By SANCHESKA BROWN
Tribune Staff Reporter
BAHAMAS Real Estate Association President Carla Sweeting said she is “very concerned” about what will happen to Bahamian landlords if Baha Mar expatriates are forced to leave the country.
Speaking with The Tribune, Ms Sweeting said while she has not heard anything “concrete”, there has been speculation that the resort’s expats will be leaving town soon, forcing scores of rental units to be placed back on the market.
She said many apartment and residential property owners in the Cable Beach area had invested heavily in their rental units in anticipation of leasing them to Baha Mar staff. She added that many landlords depend on that money to pay their mortgages and bank loans.
The Tribune understands that expatriate staff at Baha Mar’s Grand Hyatt hotel are set to be pulled out of the Bahamas this week, following a decision by the government not to pay the mega resort’s non-Bahamian employees on payday last week.
According to a well-placed source, officials from the Grand Hyatt informed resort representatives on Friday about the impending move. It is unclear how many workers will be moved, but it is expected they will be transferred to other Hyatt properties around the world.
“We have got a couple of landlords saying ‘this property is going to come on line shortly, if this thing doesn’t work out’ but I have gotten nothing concrete,” Ms Sweeting said, when contacted for comment about state of the industry in view of Baha Mar’s difficulties.
“I am only hearing noise in the market but none of my people have said anything to me, but I have a few people who I have also rented properties to that I have kept in mind, just in case. It is a concern to us – the whole Baha Mar thing is a concern. We are already down 50 per cent in sales this year from the same period last year. We are trying to stay positive and not spook people anymore than they really are, but things are not so good.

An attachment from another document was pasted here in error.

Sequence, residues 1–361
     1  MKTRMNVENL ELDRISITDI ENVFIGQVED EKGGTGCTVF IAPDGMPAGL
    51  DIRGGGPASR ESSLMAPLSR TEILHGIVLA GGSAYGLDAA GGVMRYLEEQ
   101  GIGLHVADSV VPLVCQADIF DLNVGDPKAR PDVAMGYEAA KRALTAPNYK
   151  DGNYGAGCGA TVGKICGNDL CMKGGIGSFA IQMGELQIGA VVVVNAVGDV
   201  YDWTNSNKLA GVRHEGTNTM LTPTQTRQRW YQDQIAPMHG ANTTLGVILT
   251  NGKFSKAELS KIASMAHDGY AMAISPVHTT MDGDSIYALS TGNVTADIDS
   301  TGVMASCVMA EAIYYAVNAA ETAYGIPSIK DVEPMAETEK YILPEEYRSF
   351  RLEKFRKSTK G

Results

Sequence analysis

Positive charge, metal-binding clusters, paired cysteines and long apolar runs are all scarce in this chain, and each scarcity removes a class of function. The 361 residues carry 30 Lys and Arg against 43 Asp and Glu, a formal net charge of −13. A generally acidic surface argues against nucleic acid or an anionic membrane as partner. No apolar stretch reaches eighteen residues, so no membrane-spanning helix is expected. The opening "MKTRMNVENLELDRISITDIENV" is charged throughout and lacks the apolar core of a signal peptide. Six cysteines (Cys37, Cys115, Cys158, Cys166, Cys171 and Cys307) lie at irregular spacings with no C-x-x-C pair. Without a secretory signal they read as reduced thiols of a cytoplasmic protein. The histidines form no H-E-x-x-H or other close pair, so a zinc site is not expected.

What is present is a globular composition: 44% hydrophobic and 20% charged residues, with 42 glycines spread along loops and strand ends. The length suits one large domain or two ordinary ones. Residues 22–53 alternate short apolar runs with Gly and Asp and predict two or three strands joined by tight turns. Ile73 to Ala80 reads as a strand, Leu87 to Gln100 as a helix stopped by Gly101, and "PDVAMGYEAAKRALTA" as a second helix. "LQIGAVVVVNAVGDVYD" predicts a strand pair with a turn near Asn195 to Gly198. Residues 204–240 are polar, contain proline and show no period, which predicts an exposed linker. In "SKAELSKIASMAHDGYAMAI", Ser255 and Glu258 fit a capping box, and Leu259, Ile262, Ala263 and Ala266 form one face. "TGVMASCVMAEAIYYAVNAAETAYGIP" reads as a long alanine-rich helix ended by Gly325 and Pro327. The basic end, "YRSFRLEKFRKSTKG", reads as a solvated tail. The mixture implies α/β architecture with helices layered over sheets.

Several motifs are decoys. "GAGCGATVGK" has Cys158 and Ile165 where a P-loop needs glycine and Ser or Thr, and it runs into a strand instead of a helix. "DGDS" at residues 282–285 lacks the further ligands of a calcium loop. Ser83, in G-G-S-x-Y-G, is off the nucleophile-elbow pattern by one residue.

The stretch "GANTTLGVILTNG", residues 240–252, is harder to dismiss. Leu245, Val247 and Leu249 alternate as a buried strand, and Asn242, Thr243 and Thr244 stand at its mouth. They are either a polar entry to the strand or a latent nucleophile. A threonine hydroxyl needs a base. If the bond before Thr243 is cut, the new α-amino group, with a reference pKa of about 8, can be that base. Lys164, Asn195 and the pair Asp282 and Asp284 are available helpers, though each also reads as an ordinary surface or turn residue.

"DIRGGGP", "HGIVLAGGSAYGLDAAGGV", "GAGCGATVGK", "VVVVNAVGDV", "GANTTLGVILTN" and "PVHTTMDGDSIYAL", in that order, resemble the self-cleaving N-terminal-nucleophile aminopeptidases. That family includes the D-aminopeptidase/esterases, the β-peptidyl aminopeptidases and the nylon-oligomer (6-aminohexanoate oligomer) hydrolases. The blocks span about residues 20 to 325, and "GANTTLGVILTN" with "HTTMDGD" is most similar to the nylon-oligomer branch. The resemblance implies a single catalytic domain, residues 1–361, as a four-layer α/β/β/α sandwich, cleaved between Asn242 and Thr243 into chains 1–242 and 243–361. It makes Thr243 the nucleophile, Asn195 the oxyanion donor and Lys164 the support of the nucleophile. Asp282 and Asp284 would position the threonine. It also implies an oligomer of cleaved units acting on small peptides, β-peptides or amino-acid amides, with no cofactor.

“We cannot tell if it is the implementation of value added tax (VAT) or whether it is because the economy is bad or whether it is because the banks aren’t lending, but we are concerned.
“Lots of Bahamians who own properties that are being rented by Baha Mar staff are asking themselves ‘how am I going to pay my mortgage?’ But like I said, no one has contacted me yet, it is just a lot of speculation and a lot of people thinking ‘what is going to happen now?’”
In early July, the government announced that it would pay Bahamian employees at the resort for one month, stating that the decision was a bid to block the more than 2,400 workers from being used as pawns in the resort’s Chapter 11 bankruptcy filing.
The resort’s Bahamian workers are paid bi-weekly. The Tribune understands the government has paid Bahamian workers for three pay periods so far.
Baha Mar’s expat workers are paid monthly and had received their last salary payment shortly before the resort filed for bankruptcy on June 29.
Last week, a Baha Mar executive hit out at the Christie administration for refusing to pay the resort’s foreign staff.
In a letter to staff last Wednesday, Baha Mar Vice President of Human Resources Magdalena Hamya said this decision sends a terrible message to the resort’s non-Bahamian workers.
Ms Hamya said the resort was “shocked” by the move, noting that in early July Attorney General Allyson Maynard-Gibson said the government would cover Baha Mar’s total payroll of $7.5 million a month, “which includes the salaries of our non-Bahamian employees.”
The payroll for the resort’s foreign workers is nearly $1.8 million a month.
The Supreme Court has rejected Baha Mar’s application to have its Chapter 11 bankruptcy orders from a US court recognised here. However, the resort was granted leave to appeal this decision yesterday.
Last week, the court also adjourned a hearing into the government’s winding up petition against Baha Mar until August 19.